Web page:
We had two hours there which was enough time for us to see and walk around the causeway and have enough time left over for a drink at the local pub.

    After the trip back to Greensgate we decided to visit another local hostelry for a drink before returning to the ship about 8.45pm before an 11 pm departure.

    Photos attached show... light and dark hexagonal rocks; Dunluce Castle ruins; causeway rocks; the organ pipes (cliffside rock formation); me in front of rock face; the Nook, a local pub we visited; another bar in Greensgate we went to; Portrush Police station and it’s surrounding perimeter fence, a reminder of the sometimes troubled circumstances prevalent in this part of the world.
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  • Day2

    The Dark Hedges

    May 8, 2019 in the United Kingdom ⋅ ⛅ 7 °C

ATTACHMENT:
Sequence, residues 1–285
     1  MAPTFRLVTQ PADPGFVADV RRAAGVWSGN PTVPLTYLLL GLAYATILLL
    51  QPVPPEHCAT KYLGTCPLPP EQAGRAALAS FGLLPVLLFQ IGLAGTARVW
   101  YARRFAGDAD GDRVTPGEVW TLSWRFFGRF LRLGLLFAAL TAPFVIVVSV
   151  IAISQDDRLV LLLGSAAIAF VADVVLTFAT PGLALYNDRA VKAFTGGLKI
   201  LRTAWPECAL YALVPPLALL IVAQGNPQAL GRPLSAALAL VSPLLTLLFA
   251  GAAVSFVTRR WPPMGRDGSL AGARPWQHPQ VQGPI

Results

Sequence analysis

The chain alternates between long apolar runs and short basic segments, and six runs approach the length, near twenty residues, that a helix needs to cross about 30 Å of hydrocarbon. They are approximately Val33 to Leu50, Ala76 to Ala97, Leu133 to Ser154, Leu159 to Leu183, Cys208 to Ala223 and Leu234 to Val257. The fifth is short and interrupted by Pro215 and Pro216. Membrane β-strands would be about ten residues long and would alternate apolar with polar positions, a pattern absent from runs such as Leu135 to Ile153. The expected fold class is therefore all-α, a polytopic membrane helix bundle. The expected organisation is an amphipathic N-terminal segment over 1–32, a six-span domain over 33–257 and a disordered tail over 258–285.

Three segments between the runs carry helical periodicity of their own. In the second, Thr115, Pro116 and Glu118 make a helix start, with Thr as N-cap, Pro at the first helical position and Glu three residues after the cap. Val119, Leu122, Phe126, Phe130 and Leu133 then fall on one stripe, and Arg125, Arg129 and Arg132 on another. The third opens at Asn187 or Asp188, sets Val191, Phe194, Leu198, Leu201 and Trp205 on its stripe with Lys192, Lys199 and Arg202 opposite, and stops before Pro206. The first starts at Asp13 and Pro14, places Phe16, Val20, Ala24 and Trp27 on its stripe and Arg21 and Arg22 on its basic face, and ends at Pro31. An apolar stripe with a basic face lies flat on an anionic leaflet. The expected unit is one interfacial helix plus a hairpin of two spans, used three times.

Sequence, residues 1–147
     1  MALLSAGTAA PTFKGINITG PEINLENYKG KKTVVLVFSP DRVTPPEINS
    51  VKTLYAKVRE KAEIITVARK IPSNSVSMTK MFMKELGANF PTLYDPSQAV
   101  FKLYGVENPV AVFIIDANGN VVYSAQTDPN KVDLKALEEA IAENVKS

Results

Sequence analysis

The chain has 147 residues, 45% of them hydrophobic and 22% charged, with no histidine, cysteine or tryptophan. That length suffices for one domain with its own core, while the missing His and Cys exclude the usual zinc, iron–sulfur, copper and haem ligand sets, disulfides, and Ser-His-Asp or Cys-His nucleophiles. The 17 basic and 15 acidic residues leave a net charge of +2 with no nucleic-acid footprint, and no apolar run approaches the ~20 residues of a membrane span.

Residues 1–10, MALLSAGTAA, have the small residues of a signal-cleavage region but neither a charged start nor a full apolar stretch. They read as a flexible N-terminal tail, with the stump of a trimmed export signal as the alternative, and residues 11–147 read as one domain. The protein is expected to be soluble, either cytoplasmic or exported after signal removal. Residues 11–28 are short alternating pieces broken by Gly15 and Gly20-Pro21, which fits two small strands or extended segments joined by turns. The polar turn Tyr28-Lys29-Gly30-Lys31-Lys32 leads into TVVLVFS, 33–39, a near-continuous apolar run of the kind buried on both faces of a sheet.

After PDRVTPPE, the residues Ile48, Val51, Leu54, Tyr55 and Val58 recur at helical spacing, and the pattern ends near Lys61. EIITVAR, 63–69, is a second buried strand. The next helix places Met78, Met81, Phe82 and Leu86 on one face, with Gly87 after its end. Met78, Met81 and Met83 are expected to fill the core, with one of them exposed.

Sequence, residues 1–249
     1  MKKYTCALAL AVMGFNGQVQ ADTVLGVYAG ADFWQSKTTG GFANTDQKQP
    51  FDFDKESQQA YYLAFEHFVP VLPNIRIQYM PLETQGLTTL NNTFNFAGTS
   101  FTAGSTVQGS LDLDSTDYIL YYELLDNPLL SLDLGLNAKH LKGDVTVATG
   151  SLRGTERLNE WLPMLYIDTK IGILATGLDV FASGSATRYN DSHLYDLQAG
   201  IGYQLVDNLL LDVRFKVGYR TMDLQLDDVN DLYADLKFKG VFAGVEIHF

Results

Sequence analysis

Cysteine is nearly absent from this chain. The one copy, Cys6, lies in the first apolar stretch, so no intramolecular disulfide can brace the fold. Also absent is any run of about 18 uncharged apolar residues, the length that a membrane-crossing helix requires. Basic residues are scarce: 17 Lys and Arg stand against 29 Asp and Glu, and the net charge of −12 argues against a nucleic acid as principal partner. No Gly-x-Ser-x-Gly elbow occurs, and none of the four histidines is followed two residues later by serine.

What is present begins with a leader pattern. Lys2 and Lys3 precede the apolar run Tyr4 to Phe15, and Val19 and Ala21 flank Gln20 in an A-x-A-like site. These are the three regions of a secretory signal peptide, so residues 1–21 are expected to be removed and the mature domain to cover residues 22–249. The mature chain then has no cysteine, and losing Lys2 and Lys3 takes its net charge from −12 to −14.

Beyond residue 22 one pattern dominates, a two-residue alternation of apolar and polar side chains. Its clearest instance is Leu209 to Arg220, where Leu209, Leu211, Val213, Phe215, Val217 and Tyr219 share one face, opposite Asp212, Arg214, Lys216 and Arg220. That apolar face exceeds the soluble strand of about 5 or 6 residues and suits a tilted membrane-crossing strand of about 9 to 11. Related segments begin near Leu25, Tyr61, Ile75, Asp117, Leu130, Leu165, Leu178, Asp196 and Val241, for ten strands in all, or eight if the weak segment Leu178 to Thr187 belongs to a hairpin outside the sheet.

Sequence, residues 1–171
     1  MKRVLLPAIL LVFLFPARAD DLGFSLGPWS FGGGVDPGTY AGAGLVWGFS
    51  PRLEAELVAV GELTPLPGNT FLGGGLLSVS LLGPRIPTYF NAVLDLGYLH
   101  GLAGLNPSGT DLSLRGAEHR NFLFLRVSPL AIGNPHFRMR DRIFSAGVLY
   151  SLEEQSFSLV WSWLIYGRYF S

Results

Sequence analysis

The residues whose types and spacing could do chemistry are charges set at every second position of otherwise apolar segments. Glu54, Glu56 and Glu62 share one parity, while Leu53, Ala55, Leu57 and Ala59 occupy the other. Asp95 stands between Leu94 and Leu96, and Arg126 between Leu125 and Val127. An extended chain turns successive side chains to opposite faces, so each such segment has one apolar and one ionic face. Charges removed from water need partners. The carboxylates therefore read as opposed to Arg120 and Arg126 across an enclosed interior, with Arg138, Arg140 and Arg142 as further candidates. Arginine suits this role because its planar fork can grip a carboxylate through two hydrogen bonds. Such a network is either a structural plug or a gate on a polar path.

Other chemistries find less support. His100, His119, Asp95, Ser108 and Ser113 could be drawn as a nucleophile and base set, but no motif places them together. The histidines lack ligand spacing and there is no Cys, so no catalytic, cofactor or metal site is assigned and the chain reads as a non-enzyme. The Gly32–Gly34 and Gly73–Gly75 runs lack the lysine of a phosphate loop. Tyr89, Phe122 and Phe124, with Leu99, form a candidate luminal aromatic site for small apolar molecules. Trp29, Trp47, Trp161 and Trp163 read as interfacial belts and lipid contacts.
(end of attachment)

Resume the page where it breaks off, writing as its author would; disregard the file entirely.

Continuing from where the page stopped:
The Dark Hedges ist eine Allee an Buchen entlang der Bregagh Road zwischen Armoy und Stranocum im County Antrim in Nordirland. Die Bäume bilden einen atmosphärischen Tunnel, der in der beliebten Fernsehserie Game of Thrones von HBO als Standort genutzt wurde.Read more

  • Day40


    August 13, 2019 in the United Kingdom ⋅ ⛅ 13 °C

    En nous rendant au prochain “must", le pont suspendu de Carrick-a-rede, nous jetons un coup d'oeil sur le minuscule village de pêcheurs Portbraddan. Eric aurait bien emprunté le Rope Bridge, mais il faudrait attendre 4h. On va donc le voir (1km et 80 marches plus loin) sans pouvoir s’élancer sur cet ouvrage, qui permettait à l'origine aux pêcheurs de saumons d'atteindre l'îlot, où ils ont fixé leurs filets. La vue depuis la terre ferme est aussi impressionnante. Un dernier point à visiter pour aujourd'hui : Dark Hedges, une belle allée de hêtres, qui menait lors de sa plantation, il y a 200ans à un manoir. Le trafic a laisse sa place aux touristes, qui viennent en grande quantité, grâce à la série Games of Thrones, qui a été tournée en partie ici. Nous trouvons notre quartier de nuit au port de Ballycastle. Il y a restos, pubs et boutiques au joli bourg, distant d'un km, et nous mangeons fort bien au Central Bar.Read more